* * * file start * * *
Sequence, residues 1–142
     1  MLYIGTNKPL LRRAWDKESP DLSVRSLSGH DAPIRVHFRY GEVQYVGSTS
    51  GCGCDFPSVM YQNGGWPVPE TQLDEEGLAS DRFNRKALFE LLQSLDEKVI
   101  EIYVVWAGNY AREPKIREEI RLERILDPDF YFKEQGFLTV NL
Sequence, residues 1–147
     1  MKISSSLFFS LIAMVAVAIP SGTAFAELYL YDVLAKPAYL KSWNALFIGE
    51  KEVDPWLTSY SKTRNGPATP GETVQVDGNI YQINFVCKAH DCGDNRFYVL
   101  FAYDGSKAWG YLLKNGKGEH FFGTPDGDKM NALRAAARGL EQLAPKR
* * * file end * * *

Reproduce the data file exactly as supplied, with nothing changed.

Sequence, residues 1–142
     1  MLYIGTNKPL LRRAWDKESP DLSVRSLSGH DAPIRVHFRY GEVQYVGSTS
    51  GCGCDFPSVM YQNGGWPVPE TQLDEEGLAS DRFNRKALFE LLQSLDEKVI
   101  EIYVVWAGNY AREPKIREEI RLERILDPDF YFKEQGFLTV NL
Sequence, residues 1–147
     1  MKISSSLFFS LIAMVAVAIP SGTAFAELYL YDVLAKPAYL KSWNALFIGE
    51  KEVDPWLTSY SKTRNGPATP GETVQVDGNI YQINFVCKAH DCGDNRFYVL
   101  FAYDGSKAWG YLLKNGKGEH FFGTPDGDKM NALRAAARGL EQLAPKR